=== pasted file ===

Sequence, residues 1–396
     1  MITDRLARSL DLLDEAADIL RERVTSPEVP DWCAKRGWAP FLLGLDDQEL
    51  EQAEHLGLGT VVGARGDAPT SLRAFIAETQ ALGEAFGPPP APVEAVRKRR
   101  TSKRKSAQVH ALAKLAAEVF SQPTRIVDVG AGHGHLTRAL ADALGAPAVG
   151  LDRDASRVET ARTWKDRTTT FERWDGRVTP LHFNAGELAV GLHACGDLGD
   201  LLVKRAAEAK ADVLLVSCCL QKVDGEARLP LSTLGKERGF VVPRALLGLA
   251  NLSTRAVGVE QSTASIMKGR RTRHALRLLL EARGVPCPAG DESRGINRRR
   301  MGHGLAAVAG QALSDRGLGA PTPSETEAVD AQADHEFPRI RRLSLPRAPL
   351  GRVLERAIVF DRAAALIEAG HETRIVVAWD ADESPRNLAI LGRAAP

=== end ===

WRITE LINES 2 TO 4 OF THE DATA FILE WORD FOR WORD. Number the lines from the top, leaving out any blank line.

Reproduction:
     1  MITDRLARSL DLLDEAADIL RERVTSPEVP DWCAKRGWAP FLLGLDDQEL
    51  EQAEHLGLGT VVGARGDAPT SLRAFIAETQ ALGEAFGPPP APVEAVRKRR
   101  TSKRKSAQVH ALAKLAAEVF SQPTRIVDVG AGHGHLTRAL ADALGAPAVG